Learn more about this remarkable woman in Oil Queen of California.

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November 28, 1892 – First Kansas Oil Well

While drilling for natural gas, William Mills found small amounts of oil in eastern Kansas. He took a sample from his Norman No. 1 well and visited more experienced oil drillers in Pennsylvania. Impressed, they convinced him to “shoot” the well at Neodesha with 30 quarts of nitroglycerine.

Rare photo of 1897 Standard Oil refinery in Neodesha, Kansas.

A rare photograph of the 1897 Standard Oil refinery in Neodesha, Kansas, the first to process oil from the Mid-Continent field. Photo courtesy Kansas Historical Society.

The Kansas discovery well would later be called the first oil commercial discovery west of the Mississippi River. “It proved that Neodesha had the riches of oil and gas in their back yard,” according to Neodesha’s oil museum. Just 832 feet deep, the well uncovered the vast Mid-Continent producing region, which eventually included five states. Abandoned in 1919, the discovery well was neglected until 1961, when a replica 67-foot wooden derrick was erected on the site as a memorial.

Learn more in First Kansas Oil Well.

November 27, 1923 – Standard Oil registers “Esso” Trademark

The Standard Oil Company of New Jersey registered the “Esso” trademark, which had been in use since May 1923 for refined, semi-refined, and unrefined petroleum products. The name was a phonetic spelling of the abbreviation “S.O.” for Standard Oil. A young Theodore Geisell created many Essolube ads beginning in the 1930s (see Seuss I am, an Oilman). When Standard Oil renamed itself Exxon in 1973, the company adopted the Exxon trademark nationwide. The Esso name, acquired by BP through various mergers, has remained in use in other countries.

November 28, 1895 – Inventor Duryea wins First American Auto Race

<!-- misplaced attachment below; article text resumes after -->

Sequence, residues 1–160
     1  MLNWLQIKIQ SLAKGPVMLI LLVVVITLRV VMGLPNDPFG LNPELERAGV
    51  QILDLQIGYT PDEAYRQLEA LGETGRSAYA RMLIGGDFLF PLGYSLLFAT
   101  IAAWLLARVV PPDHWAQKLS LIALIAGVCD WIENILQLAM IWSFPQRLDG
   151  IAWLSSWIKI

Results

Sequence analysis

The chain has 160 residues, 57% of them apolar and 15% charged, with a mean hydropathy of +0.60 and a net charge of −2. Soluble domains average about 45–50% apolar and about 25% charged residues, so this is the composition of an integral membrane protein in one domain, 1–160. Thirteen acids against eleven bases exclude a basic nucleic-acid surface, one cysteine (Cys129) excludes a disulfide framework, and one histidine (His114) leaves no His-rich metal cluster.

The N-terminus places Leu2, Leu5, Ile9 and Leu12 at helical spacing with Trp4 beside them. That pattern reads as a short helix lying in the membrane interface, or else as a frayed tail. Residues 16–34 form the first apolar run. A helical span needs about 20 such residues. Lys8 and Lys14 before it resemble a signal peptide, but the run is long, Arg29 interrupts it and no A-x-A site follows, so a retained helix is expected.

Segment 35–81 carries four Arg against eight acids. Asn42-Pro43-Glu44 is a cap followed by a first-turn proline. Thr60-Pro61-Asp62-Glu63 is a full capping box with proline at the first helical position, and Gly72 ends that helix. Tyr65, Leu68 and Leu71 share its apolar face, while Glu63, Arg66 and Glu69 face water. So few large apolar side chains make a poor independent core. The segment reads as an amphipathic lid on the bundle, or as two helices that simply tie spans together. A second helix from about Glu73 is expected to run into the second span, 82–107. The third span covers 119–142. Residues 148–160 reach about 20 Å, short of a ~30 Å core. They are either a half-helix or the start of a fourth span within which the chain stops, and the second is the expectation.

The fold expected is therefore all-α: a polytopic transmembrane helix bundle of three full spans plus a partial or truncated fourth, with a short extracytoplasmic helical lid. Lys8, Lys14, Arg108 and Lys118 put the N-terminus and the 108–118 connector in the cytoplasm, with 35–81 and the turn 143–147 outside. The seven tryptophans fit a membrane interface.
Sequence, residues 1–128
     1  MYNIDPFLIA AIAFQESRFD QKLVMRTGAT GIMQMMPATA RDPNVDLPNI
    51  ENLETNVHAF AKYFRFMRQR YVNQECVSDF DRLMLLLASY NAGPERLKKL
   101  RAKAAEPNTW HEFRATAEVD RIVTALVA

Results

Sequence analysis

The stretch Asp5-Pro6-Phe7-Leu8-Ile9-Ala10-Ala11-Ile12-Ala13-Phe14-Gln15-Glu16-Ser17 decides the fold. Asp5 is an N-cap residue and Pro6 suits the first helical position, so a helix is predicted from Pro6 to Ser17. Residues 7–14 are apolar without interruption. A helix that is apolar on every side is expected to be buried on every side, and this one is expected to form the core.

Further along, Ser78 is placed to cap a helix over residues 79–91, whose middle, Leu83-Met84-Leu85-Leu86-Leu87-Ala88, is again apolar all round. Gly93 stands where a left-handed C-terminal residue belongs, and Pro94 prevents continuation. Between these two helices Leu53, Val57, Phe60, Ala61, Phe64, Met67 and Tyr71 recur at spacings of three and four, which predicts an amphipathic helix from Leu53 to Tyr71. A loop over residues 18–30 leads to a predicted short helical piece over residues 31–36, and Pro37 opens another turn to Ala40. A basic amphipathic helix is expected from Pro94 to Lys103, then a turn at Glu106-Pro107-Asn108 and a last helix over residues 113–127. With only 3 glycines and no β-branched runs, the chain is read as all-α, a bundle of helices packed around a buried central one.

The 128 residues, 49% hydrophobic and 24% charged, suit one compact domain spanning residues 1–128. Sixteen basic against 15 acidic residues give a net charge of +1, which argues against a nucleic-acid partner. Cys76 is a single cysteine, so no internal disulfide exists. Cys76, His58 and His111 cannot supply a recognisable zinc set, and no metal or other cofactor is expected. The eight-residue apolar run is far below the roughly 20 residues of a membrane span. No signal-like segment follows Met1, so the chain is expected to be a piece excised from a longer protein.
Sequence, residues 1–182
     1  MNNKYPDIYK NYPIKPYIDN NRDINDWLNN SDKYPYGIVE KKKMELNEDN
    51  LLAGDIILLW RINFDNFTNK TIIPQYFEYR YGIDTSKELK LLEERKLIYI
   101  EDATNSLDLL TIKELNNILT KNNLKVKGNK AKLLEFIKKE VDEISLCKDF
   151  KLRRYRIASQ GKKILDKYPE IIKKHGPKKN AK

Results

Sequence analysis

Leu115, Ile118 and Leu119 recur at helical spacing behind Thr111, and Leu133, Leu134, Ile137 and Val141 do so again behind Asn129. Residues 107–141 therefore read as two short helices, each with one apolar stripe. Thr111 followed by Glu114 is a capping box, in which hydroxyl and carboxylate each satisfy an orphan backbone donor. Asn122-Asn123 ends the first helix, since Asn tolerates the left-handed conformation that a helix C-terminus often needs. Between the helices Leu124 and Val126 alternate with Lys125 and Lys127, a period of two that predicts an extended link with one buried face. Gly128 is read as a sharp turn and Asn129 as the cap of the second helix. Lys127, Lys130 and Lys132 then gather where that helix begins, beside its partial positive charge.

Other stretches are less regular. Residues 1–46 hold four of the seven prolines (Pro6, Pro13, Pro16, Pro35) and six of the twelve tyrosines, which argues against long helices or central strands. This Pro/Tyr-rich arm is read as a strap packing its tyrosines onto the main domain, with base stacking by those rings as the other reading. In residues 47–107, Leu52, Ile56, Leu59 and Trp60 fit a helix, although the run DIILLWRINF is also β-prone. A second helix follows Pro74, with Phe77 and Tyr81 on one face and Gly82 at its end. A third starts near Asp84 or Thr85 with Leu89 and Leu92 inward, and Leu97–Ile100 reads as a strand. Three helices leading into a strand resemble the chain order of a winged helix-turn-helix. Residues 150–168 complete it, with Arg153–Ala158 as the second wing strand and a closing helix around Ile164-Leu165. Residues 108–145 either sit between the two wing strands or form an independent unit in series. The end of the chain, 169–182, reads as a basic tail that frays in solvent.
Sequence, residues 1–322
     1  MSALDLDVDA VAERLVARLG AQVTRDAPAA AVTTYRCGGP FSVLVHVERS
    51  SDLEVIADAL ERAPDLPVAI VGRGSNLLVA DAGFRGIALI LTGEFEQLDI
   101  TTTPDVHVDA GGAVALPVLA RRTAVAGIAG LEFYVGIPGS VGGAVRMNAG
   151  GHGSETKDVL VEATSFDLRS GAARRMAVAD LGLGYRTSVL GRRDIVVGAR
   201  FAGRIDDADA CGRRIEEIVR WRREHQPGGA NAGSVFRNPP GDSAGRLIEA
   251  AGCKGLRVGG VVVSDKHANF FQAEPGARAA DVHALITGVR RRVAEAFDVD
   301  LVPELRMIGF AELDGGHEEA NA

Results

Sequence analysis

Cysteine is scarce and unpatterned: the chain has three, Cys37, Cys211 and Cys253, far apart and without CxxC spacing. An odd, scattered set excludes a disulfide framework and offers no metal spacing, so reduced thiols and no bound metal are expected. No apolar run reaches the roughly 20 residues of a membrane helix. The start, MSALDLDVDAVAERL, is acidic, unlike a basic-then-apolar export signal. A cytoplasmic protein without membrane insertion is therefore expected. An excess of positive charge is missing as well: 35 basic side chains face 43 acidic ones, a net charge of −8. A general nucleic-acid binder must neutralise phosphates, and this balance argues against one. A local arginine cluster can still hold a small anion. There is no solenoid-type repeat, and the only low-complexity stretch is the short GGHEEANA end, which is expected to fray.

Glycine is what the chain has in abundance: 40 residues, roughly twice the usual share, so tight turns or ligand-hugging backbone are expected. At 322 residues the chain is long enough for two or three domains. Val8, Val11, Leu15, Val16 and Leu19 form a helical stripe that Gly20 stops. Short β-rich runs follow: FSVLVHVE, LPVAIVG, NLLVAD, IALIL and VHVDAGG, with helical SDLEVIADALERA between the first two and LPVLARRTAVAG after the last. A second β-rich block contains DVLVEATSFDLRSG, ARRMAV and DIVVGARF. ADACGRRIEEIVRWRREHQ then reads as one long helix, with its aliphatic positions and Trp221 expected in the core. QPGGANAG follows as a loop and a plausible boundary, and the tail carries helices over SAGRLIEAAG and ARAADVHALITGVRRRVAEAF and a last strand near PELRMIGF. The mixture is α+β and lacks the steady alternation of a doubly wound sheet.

Six of America’s first “motor cars” left Chicago’s Jackson Park for a 54-mile race to Evanston, Illinois, and back through the snow. Inventor J. Frank Duryea received $2,000 for winning the first U.S. auto race. His No. 5 automobile took just over 10 hours at an average speed of about 7.3 mph.

J. Frank Duryea in his gas-powered automobile.

J. Frank Duryea and his brother Charles invented America’s first gas-powered automobile. Photo courtesy Library of Congress.

The Chicago Times-Herald, sponsor of the race, also awarded $500 to a racing enthusiast who named the horseless vehicles “motocycles.” The newspaper added: “Persons who are inclined to decry the development of the horseless carriage will be forced to recognize it as an admitted mechanical achievement, highly adapted to some of the most urgent needs of our civilization.”

Learn more in Cantankerous Combustion – 1st U.S. Auto Show.

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Recommended Reading:  Oil and Gas Pipeline Fundamentals (1993); Glenn Pool…and a little oil town of yesteryear (1978); The American Highway: The History and Culture of Roads in the United States (2000); Los Angeles, California, Images of America (2001);   The fire in the rock: A history of the oil and gas industry in Kansas, 1855-1976 (1976); America’s First Automobile: The First Complete Account By Mr. J. Frank Duryea Of How He Developed The First American Automobile, 1892-1893 (2012). Your Amazon purchase benefits the American Oil & Gas Historical Society. As an Amazon Associate, AOGHS earns a commission from qualifying purchases.

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The American Oil & Gas Historical Society preserves U.S. petroleum history. Become an AOGHS annual supporting member and help maintain this energy education website and expand historical research. For more information, contact bawells@aoghs.org. Copyright © 2021 Bruce A. Wells. All rights reserved.